Vajpayee provides an encouraging model of political moderation at home and abroad within the BJP’s larger conservative framework. Modi will need to reassure Pakistan and will have domestic political space to do a deal — the Nixon goes to China model — if he finds a willing and able partner for peace. In Sharif, Modi will have an interlocutor who understands the business imperatives. During the election campaign, Modi remarked that anger cannot guide India’s Pakistan policy and instead acknowledged the importance of engaging India’s western neighbour. He reportedly sent emissaries to Kashmir’s separatist leaders and Pakistan. If true, these would be welcome early indicators of maturity in foreign policy. If the policies and actions of the new government stoke Muslim fears and anxieties at home, the avenues for Pakistan to create serious mischief will multiply. If Indian Muslims’ concerns are assuaged then, precisely because Modi has been demonised by the cultural-intellectual elite as the incarnation of a hardline Hindutva agenda, a pragmatic working relationship with Pakistan that explores opportunities for normalising relations — perhaps some early practical deliverables through the composite dialogue or back-channel diplomacy — will bring incommensurate international diplomatic rewards.
The contours of a Kashmir deal are broadly known and were outlined recently in a personal capacity by Manmohan’s special envoy Satinder Lambah. It takes the form of a “non-border, non-territorial” solution. Do not redraw the border, nor amend the Constitution. Demilitarise Kashmir, pull back the military from the border as the situation improves, make the boundary/LoC increasingly irrelevant to people’s daily activities, encourage and facilitate cross-border contacts, communications and commerce, and gradually end the cycle of violence. The agenda should include a repeal of the hated Armed Forces (Special Powers) Act, credible investigations of human rights abuses and atrocities, and improved efforts to make all Kashmiris stakeholders in the political order.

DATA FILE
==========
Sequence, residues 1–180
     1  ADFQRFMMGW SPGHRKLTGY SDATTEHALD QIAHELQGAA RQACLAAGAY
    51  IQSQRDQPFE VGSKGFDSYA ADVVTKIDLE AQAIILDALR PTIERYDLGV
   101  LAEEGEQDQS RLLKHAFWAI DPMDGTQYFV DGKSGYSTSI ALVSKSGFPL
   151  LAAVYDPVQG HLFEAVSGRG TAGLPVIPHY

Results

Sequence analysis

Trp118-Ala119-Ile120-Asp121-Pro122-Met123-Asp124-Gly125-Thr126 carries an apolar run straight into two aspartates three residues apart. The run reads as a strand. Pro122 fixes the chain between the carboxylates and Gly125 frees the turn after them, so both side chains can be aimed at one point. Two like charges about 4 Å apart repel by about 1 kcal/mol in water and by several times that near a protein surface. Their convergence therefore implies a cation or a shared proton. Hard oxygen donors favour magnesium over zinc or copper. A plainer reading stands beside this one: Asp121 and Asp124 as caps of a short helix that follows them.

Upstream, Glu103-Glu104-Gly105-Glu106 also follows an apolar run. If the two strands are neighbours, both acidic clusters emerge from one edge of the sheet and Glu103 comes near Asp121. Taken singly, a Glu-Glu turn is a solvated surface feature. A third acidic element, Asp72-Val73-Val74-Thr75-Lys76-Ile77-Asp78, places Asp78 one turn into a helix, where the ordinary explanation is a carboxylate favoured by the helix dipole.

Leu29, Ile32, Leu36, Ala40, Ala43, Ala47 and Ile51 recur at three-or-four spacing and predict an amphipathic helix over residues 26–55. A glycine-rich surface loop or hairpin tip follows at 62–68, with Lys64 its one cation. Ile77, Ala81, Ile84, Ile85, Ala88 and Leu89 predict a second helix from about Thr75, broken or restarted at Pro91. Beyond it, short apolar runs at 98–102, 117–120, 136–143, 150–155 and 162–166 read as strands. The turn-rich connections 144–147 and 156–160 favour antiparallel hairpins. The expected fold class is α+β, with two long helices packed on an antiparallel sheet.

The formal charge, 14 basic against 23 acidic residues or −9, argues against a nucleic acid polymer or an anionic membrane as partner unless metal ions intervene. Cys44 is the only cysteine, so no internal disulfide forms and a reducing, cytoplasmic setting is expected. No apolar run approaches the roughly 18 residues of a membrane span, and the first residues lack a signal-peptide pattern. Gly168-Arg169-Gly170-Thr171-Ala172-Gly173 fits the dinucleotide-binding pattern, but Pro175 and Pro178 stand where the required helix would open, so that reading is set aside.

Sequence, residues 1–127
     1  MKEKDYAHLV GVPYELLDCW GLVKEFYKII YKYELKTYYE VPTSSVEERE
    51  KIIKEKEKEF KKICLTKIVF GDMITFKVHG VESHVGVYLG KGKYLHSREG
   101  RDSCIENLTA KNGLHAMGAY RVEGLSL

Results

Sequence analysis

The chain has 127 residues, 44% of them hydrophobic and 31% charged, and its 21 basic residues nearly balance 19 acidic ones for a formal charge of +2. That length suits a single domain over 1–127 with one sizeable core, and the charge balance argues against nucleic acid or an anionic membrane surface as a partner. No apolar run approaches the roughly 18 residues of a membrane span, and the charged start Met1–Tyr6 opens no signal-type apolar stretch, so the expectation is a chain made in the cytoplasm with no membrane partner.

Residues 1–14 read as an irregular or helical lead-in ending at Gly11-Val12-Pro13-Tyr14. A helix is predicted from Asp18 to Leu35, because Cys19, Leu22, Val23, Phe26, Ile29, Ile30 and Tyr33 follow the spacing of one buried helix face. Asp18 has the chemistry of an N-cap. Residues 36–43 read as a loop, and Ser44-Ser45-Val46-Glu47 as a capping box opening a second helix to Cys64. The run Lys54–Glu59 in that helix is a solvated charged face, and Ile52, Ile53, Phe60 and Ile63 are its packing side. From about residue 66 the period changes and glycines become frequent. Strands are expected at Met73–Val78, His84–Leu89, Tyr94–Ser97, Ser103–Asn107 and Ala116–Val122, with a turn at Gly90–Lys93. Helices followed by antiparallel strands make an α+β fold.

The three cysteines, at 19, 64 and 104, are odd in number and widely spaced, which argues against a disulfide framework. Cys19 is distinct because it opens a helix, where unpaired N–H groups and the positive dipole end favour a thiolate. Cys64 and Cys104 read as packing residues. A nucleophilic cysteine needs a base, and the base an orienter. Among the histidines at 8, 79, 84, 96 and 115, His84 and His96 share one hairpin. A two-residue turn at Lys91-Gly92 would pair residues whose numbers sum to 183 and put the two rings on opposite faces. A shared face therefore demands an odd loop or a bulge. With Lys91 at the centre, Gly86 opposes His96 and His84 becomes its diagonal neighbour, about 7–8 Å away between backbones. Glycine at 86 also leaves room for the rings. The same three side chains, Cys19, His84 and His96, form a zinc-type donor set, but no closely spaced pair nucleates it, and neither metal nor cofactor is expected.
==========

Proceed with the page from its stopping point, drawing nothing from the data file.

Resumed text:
The biggest winners from Modi’s election are likely to be the Asian countries that reached out to him when he was put in the diplomatic doghouse by the West. His chief attraction to them was the business-friendly ethos he instilled in Gujarat that closely mirrors the disciplined work ethic of all the successful Southeast and East Asian governments. Mutual respect was consolidated with successful visits to China, Japan and Singapore. While a strong-willed personality comes with inherent risks of an authoritarian streak and strong-arm tactics, after the drift of the past five years, most Asian governments will welcome a purposeful interlocutor in New Delhi. This will embrace the totality of foreign, trade and even security policies. The lacklustre and distant UPA government conveyed the impression that defence diplomacy with Asian neighbours was a burden to be borne, not a strategic opportunity to be exploited. That said, Modi could make a larger political point. That the annual Shangri-La Dialogue, organised by a London-based institute, should be Asia’s preeminent security dialogue forum betrays a culture cringe towards former colonial masters and lack of Asian self-respect. Maybe Modi could give the Institute for Defence Studies and Analyses the mandate and resources to develop New Delhi as the preeminent Asian security dialogue forum, or support an alternative Asian forum host.